Last week was a tough one, even with Monday a holiday, for workers of the world. By Tuesday afternoon, all the stories about vacations and final weekends at the beach had been told. Eyes began to glass over, shoulders hunched and minds melted with the realization that summer was over and real life had resumed.
It was the perfect time for a great escape and Jack Lorenz knew the perfect place.
"I can't get over this place. It's a different world," said Lorenz, paddling his small boat into a narrow stream lined on both sides by lush greenery and babbling like a mountain brook. "This is so close to the city and it looks like West Virginia."
Lorenz's stream is actually a 200-year-old canal built by George Washington. It is one of five built beside the Potomac, from Harper's Ferry to Alexandria, by the Patowmack Company, whose first president was Washington.
The idea behind America's first canal system was to make the Potomac a mighty river of commerce and connect the nation's capital with the Ohio Valley and points west. For almost 30 years, until the C&O Canal was built, the Potomac and its canals carried flatboats 75 feet long and filled with flour, timber, whiskey and tobacco from Cumberland to Washington. There the boats were dismantled and sold for lumber. The boatmen and women walked home.
George Washington's canal recently has been subject to a historic revival. The lock system at Great Falls, Va., for instance, was dug up and is being restored. Fortunately, Lorenz's canal, which carried traffic around Seneca Falls on the Virginia side of the Potomac, has been left alone, overgrown and overlooked.
"You could easily canoe down it without realizing what it was," said Bill Kirby, a U.S. park ranger at Great Falls, Va.
The canal has avoided notice because it is not easy to find and impossible to navigate in anything but a small boat. Unless you are willing to hike through thick woods on the Virginia side, you have to park at the C&O Canal's Violette's Lock, just off River Road about six miles north of Potomac, and cross the river by boat.
Once you get there, you won't want to leave soon. For canoeists, it is a lively paddle that drops seven feet in only 1,300 yards. For birders, there are wood ducks and great blue herons to spy on. If fish are what you are after, the canal is a hatchery waiting to be harvested.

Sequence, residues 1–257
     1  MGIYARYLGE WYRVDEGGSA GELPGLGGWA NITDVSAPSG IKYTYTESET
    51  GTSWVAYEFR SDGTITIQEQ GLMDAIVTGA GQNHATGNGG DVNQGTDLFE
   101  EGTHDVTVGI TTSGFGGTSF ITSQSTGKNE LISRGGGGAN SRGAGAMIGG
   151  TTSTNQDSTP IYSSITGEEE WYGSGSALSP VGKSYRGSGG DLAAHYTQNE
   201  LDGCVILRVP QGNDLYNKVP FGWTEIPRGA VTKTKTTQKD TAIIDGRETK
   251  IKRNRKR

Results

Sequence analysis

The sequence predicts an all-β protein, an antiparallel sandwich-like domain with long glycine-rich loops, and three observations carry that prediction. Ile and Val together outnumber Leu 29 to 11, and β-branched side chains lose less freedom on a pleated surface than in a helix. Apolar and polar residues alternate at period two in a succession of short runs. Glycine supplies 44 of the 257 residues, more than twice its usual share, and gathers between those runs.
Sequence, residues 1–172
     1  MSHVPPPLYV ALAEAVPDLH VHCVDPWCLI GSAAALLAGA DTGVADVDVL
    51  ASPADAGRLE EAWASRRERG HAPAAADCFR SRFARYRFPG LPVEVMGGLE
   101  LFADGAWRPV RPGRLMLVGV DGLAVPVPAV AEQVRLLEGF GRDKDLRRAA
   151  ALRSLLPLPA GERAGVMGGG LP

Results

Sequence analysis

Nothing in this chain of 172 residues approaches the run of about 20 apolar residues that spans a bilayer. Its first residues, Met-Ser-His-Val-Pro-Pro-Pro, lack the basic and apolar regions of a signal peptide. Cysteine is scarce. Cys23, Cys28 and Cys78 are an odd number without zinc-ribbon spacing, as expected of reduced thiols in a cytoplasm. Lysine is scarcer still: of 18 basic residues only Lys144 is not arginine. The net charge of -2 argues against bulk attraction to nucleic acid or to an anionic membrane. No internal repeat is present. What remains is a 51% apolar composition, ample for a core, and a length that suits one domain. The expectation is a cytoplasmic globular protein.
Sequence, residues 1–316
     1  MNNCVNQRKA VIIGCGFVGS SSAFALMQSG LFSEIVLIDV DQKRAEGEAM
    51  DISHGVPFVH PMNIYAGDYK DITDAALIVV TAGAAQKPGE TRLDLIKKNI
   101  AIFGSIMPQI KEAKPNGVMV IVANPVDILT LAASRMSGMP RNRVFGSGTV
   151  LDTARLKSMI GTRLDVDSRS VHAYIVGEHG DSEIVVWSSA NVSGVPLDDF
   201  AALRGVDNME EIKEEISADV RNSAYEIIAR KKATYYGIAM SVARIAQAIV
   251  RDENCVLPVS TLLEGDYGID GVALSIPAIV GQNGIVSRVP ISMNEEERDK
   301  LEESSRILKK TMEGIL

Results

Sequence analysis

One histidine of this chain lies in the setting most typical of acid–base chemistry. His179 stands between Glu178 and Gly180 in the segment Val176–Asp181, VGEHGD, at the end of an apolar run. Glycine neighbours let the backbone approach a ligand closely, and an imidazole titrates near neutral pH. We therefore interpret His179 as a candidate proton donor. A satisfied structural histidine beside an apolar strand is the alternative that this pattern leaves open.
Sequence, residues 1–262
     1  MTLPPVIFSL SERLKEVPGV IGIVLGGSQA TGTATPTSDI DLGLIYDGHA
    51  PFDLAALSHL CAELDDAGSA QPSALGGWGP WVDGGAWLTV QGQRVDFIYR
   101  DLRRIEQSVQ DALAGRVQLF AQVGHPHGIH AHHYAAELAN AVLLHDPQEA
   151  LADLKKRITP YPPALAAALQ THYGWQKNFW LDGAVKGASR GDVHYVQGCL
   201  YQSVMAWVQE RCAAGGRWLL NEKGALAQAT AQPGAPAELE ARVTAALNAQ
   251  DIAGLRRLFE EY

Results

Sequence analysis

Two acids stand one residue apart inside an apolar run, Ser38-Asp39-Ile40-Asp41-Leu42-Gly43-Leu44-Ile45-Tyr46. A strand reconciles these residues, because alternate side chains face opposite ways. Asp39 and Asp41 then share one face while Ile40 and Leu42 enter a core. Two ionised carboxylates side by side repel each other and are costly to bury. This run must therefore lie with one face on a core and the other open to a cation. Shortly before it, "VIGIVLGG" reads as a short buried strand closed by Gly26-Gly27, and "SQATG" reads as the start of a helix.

"I caught a 2 1/2-pound bass there last week," said Lorenz, pointing to a quiet pool of water with good cover, just below a gentle riffle of water over rocks.
Lorenz is paid to think about fishing. He is the executive director of the Izaak Walton League, a conservation group made up primarily of anglers and hunters that is celebrating its 60th anniversary this year.
As conservation groups go, the Izaak Walton League floats down the middle of the stream. It doesn't like pollution or James Watt, but it also wants to keep government interference in outdoor sports to a minimum. If the league is considered conservative by more outspoken groups like Audubon and The Wilderness Society, in its early days it was one of the most feisty.
"There is not left one honest, disinterested, unselfish (government) agency devoted to the preservation of outdoor America . . . Of the alleged protective leagues there is not one which does not have commercial or personal gain or aggrandizement under it as its real basis," read an editorial on the cover of the first issue of the league's magazine, Outdoor America, in 1922. That editorial appealed to the "Spirit of the Great Angler" to save the country from the National Park Service and the U.S. Forest Service.
The league was formed during a decade between world wars when America's rivers were being polluted by industry and its forests denuded by lumber merchants. There were few restraints on business.
During its 60 years, the league has fought battles for black bass, Wisconsin water, Alaskan land and Wyoming elk. The league has now focused its attention primarily on keeping water fit for fish, protecting wild wetlands and promoting outdoor ethics.
There are now hundreds of more specialized groups, such as Trout Unlimited, Ducks Unlimited, Grouse Unlimited, etc., to lobby for wildlife that the league once fought for nearly alone. If the other groups have removed some of the League's burden, they have also taken away dues-paying members. League membership that once topped 300,000 is now 50,000.
"There are so many conservation groups now all competing for the same membership," said Lorenz, who quickly changed the subject. That was work talk and both of us were there to escape.
The fish seemed to have that purpose in mind, too. We could see them jumping and feel them nibbling our artificial baits. But except for a small catfish that Lorenz tossed back, we finished the day empty-handed.
"Another successful day," said Lorenz. "No fish to clean."